NYFW SS18 : For the Love of Tom Ford

by Cara Livingstone 

Tom Ford has been the savior of many a brand. His stint at Gucci revived a floundering icon, his artistry lit up YSL when it seemed most unlikely. So when he went on to start his own brand no one batted an eye. Well, no one should have as the bloody-minded artistry Tom produces is nothing short of extraordinary. And that bloody-mindedness, that sense of the right aesthetics at the right millisecond were on display at the Park Avenue Armory. He co-opted elements from his much-loved men's collection and installed the same spine into this SS18 collection for women. If you ignore the commerce savvy, celebrity adored aspect of Tom Ford as a brand you are left with just pure artistry from the sheer dresses and elegant and tight silhouettes. It is no surprise that everyone loves Tom Ford, because who does not like Art that sells in while holding on to it's soul.  

LFW SS18 : Isa Arfen's Japanese Expedition

by Cara Livingstone

Isa Arfen's Serafina Sama found inspiration for this collection from her first visit to Japan. And it is full of intricate references to the Japanese aesthetics. This very zen collection is a product of a designer completely comfortable with her ability to produce post-cultural trends. The clothes have elements of what Japan is known for...Kabuki theatre, Samurais, Pagoda and inner calm. Trimmed silk suits with magnolia patterns were the standout in this presentation and it is likely to bring in a lot of new admirers into Isa's pagoda.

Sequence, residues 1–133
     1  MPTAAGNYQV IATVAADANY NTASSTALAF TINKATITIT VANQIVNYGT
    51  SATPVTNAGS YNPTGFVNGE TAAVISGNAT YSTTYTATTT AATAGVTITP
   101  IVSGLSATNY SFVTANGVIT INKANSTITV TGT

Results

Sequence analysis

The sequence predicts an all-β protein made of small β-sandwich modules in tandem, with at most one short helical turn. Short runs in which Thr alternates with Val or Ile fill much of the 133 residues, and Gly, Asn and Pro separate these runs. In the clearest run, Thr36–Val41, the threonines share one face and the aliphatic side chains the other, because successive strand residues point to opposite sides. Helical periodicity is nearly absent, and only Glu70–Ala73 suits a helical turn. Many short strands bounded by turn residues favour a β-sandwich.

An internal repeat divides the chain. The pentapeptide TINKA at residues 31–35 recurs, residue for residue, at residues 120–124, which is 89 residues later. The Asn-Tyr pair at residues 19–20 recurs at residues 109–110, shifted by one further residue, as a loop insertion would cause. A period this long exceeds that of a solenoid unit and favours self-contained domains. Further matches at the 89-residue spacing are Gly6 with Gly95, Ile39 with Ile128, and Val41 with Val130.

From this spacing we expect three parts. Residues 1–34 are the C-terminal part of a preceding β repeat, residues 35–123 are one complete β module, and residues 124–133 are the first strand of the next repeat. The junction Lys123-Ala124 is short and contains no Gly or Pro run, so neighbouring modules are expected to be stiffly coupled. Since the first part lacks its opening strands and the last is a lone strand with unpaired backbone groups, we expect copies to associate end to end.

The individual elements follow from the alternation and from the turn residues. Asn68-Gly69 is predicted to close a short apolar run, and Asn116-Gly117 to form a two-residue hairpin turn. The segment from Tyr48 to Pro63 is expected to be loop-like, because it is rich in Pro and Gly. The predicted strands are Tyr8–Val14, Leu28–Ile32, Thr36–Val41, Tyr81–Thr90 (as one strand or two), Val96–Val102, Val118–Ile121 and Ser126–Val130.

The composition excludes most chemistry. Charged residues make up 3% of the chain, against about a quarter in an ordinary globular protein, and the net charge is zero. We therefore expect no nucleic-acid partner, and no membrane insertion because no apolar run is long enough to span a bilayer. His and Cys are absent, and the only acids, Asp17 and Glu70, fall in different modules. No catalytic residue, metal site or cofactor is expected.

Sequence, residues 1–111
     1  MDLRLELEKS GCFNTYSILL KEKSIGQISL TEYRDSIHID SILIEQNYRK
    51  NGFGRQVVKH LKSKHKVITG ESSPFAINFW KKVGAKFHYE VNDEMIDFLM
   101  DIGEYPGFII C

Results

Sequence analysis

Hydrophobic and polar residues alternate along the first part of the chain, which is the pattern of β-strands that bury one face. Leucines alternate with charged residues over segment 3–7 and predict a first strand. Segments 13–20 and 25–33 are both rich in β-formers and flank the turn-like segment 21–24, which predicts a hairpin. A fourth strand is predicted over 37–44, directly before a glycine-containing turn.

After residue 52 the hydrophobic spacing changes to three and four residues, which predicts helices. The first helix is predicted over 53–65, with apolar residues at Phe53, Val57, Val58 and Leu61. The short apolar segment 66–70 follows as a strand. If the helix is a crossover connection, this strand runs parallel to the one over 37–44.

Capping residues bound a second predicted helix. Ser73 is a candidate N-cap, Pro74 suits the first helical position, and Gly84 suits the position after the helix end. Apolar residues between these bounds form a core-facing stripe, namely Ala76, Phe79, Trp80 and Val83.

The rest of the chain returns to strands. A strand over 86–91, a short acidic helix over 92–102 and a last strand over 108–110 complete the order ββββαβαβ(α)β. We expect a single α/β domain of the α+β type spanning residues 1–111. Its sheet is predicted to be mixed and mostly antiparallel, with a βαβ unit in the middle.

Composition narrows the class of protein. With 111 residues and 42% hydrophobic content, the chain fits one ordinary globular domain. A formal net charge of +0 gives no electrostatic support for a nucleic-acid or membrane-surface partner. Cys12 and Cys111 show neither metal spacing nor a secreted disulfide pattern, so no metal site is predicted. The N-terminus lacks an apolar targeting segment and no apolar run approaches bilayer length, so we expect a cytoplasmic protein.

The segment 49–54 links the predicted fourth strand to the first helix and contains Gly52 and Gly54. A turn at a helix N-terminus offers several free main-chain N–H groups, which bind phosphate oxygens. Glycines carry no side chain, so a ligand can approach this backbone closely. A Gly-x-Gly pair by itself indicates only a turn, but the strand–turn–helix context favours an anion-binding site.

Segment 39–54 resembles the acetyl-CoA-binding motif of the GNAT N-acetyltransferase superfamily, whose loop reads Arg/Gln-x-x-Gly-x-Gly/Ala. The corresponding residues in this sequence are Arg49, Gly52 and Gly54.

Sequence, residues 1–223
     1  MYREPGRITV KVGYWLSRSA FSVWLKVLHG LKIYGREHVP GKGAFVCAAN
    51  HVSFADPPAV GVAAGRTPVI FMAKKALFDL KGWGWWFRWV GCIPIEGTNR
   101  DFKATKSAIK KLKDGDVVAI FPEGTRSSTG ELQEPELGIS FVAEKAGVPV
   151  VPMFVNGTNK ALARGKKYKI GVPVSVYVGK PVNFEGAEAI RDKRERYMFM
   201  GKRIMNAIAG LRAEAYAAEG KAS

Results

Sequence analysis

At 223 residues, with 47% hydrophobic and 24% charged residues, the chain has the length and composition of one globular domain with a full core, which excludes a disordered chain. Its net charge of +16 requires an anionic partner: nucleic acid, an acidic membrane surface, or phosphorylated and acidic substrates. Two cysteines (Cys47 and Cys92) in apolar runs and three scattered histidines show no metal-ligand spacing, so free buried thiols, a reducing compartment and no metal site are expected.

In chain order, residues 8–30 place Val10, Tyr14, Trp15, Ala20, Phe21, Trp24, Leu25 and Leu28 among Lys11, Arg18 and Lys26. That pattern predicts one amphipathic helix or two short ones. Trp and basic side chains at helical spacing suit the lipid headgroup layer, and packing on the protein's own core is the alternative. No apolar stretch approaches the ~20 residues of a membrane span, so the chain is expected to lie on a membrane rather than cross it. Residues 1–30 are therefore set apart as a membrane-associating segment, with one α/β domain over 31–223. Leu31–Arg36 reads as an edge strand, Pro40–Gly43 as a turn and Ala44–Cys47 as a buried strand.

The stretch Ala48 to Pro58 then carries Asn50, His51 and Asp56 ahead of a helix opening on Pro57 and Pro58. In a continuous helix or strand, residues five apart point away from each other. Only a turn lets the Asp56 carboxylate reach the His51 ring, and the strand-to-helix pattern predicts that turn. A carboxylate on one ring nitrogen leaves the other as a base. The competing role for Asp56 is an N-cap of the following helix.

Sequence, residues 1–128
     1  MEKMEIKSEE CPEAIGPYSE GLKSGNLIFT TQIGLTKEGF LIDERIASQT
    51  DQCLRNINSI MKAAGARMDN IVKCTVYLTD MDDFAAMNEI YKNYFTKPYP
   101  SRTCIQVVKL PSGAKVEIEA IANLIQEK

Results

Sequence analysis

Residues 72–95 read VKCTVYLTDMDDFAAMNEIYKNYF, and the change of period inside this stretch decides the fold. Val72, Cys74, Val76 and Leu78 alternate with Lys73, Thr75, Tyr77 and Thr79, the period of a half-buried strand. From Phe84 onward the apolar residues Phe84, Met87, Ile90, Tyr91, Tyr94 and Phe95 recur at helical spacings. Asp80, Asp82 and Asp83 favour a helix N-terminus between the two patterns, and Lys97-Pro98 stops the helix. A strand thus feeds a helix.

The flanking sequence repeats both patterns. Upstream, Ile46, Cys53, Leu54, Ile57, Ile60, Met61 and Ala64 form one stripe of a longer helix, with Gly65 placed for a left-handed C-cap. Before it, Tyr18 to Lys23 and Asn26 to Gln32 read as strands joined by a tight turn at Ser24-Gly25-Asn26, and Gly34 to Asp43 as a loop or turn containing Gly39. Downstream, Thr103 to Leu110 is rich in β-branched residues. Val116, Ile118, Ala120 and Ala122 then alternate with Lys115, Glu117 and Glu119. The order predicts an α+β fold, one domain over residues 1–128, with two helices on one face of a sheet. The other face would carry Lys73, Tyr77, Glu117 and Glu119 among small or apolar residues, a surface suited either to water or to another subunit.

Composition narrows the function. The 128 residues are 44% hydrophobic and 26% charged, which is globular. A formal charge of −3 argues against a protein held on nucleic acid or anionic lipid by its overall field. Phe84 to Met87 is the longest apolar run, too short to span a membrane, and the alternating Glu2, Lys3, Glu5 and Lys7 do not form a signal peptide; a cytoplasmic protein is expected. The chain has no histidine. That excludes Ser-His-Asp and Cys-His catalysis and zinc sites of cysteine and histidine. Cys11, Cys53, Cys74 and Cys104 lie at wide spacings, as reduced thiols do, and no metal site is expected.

LFW SS18 : Dilara Findikoglu and The End of Days

by Cara Livingstone

Turkish born designer Dilara Findikoglu has always been interested in the vision of apocalypse and her previous collections weaved seediness of the underbelly of culture with the aesthetics of an ever-evolving avant-garde movement. This collection does not veer off into unchartered territory but doubles down on the apocalyptic visions of Dilara. Whereas most designers try to sooth the wound of time with visually interesting colors, Dilara goes outright for the jugular. Not only does she not shy away from using color as a form of rebellion against a world burning, but also she uses her considerable talent to create a narrative deeply entrenched in goth meets nihilism. Dilara's work is what underground London is and with each passing cycle, she embraces and pushes that aesthetics in new heady heights of wonderful paranoia, soaked in color and stiched in expert silhouettes.